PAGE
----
ABSTRACT Infantile and cuteness in Japanese contemporary art provides a unique look at Japanese culture today. The rise of cuteness in Japanese culture emerged in the year 1970’s as new style of writing after which many teenage girls later on adopted as a writing skill. Since then many of the contemporary Japanese artists have produced unique art works portraying cuteness in Japanese contemporary art and culture. Japanese contemporary art scenes encompass abroad range of artists working in different media drawing from the traditional Japanese art called Nihonga as well as contemporary Japanese Otaku subculture.
The exhibition brings in dialogue twelve catalogue entries from unique Japanese artists in contemporary art namely; Takashi Murakami, Mr., Ryoko Suzuki, Minako Nishiyama, Aya Takano, Mika Kato, Yayoi Kusama, Yoshitomo Nara, Makoto Aida, Korehiko Hino and Yasumasa Morimura. Though, these artists present their work in different styles including the western style, they strive to a give reflection of cuteness in the contemporary Japanese art and culture. Together their works draw attention to the youth and cuteness in various aspects of Japanese culture, art and society.
In addition, the artists work strive to give a picture of Japanese culture infantilization in relation to the rising Japanese economy since 1970’s after the Second World War. The essay will analyze how the artists present various themes related to the Japanese society, culture and art as well as how they have been achieved and portrayed. Furthermore, the essay will feature other Japanese artist’s work who through their work rejects the outworn narratives of cuteness and infantilism fashionable in Western presentations of Japanese contemporary art. Using the twelve catalogue entries, the essay analyzes how various artists use their work to reflect infantile and cuteness as far as Japanese contemporary art is concerned.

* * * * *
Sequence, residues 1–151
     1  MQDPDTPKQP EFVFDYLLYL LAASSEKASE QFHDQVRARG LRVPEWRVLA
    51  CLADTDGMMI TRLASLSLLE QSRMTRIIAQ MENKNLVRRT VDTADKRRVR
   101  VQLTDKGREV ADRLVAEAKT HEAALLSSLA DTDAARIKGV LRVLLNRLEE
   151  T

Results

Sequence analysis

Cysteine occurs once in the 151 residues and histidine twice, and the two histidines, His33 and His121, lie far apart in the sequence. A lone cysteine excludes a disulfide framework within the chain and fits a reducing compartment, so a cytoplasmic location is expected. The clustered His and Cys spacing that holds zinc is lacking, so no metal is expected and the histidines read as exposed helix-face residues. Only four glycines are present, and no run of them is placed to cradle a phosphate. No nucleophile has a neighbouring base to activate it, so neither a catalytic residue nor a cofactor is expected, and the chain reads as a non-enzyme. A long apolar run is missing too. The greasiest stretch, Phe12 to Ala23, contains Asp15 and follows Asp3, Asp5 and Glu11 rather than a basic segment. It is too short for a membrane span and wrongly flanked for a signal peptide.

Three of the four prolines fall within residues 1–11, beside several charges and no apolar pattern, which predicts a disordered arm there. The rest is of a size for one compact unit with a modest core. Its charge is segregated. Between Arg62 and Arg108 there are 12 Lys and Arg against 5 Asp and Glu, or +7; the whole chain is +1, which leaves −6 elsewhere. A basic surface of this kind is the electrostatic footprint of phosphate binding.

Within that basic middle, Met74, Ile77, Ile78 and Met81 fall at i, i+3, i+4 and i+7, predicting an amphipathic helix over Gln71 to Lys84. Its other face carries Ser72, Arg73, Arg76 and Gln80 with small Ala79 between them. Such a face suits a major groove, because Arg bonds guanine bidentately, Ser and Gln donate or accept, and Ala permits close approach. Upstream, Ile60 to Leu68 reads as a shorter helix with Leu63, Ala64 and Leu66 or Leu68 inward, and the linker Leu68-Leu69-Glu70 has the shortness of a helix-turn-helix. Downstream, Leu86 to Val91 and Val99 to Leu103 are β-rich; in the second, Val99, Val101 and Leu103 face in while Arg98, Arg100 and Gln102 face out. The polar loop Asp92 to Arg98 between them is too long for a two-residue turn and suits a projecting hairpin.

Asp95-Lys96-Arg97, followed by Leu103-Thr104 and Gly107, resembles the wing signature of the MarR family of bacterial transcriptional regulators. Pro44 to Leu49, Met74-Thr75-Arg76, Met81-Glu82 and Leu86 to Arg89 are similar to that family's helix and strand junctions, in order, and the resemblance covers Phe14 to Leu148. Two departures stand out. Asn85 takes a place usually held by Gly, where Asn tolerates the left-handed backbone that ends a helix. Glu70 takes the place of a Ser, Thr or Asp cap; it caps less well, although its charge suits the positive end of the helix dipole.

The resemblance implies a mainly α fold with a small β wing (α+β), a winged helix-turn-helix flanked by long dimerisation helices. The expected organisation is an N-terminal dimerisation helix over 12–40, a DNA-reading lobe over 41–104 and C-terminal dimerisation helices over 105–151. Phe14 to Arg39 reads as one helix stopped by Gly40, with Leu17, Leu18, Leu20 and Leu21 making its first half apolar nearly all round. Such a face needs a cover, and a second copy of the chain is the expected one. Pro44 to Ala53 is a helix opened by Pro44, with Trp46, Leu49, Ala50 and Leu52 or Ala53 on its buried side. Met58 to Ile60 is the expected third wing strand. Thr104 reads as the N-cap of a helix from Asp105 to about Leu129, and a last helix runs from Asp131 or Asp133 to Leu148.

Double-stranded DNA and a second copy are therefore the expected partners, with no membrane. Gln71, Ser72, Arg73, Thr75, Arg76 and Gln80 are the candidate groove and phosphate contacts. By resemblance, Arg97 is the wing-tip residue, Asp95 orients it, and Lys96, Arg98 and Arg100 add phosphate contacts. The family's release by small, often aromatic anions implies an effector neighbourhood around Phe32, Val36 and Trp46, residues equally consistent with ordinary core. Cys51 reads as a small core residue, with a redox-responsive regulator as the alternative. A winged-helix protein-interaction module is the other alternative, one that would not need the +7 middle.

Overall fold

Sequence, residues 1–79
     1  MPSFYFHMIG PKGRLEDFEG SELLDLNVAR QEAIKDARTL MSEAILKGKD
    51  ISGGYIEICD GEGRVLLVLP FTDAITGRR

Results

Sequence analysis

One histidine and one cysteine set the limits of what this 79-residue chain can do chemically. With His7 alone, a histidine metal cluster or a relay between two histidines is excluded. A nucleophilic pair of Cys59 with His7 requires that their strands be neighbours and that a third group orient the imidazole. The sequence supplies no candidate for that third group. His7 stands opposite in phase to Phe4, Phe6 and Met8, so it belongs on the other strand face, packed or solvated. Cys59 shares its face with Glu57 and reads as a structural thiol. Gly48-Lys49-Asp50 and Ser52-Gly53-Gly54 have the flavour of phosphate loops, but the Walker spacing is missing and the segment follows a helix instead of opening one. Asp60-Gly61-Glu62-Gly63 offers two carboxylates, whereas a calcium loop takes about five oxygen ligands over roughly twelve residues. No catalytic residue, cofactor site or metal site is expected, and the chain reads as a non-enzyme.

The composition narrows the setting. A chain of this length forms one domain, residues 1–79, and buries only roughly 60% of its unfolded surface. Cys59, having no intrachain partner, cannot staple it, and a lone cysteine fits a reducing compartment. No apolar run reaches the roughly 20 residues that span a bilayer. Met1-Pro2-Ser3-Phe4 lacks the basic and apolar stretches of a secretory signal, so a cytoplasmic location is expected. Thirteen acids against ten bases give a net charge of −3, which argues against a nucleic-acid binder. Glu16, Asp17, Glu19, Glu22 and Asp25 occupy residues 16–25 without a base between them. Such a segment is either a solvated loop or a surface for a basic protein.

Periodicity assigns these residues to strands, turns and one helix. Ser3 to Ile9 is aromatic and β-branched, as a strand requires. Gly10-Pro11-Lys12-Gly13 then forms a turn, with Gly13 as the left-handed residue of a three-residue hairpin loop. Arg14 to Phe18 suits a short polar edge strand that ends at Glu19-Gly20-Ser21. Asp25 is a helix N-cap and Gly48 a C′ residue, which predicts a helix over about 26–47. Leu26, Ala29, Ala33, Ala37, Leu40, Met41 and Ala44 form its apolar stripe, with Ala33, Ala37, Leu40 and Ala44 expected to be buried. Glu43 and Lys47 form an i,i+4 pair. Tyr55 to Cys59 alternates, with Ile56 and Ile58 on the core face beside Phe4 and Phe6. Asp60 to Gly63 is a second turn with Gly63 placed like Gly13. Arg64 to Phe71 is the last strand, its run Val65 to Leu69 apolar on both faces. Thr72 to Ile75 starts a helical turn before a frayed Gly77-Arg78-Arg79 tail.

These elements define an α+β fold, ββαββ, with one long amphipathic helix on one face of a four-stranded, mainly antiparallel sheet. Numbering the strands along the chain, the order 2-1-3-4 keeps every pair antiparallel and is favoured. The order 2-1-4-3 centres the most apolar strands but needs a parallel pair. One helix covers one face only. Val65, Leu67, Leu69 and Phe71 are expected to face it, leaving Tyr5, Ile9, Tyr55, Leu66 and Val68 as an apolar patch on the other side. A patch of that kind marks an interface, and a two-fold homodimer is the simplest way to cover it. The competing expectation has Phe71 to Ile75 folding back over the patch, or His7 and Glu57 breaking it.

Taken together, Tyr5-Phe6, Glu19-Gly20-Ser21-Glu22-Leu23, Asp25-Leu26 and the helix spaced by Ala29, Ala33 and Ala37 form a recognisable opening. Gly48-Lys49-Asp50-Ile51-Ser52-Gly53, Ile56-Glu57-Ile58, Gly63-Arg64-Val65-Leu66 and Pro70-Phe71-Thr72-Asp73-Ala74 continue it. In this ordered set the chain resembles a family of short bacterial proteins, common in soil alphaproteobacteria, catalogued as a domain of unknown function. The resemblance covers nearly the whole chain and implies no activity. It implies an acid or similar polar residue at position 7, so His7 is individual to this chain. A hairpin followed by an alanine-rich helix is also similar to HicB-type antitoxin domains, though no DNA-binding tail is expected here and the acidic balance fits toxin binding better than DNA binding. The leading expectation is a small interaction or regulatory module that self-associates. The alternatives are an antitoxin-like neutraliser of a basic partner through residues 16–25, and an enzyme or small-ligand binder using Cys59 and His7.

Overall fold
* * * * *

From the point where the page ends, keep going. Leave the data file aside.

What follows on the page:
In the current age characterized with how history is written and understood, the above artists work show how the contemporary art in Japan has over the year been influenced by the world contemporary art and clever use of the latest technology. INTRODUCTIONContemporary Japanese art has grown tremendously with many of the Japanese artists using both elements of traditional and modern Japanese culture to reflect complex societal changes as far as Japanese society is concerned.
Since the year 1970 the rise of kawaii, which refers to adorableness, cuteness or lovability has emerged in Japanese culture as part of a new writing style. It all began when majority of Japanese teenage girls adopted to writing laterally using mechanical pencils which apparently produced very fine line compared to traditional Japanese writing which was different in terms of thickness as well as being vertical. These girls would also write in round big characters adding little pictures to their writings for instance smiley faces, letters of the Latin alphabet, hearts and stars. It however became quite hard to read such writings and thus it was banned in majority of schools.
During the 1980s the new kawaii writing was picked up by comics and magazines where it was put onto advertising and packaging. It was later on that cute handwriting became associated with acting childish and using infantile slang words. This growing trend led to companies like Sanrio to come out with merchandise such as Hello Kitty which became an immediate success, continuing the growing obsession with cute.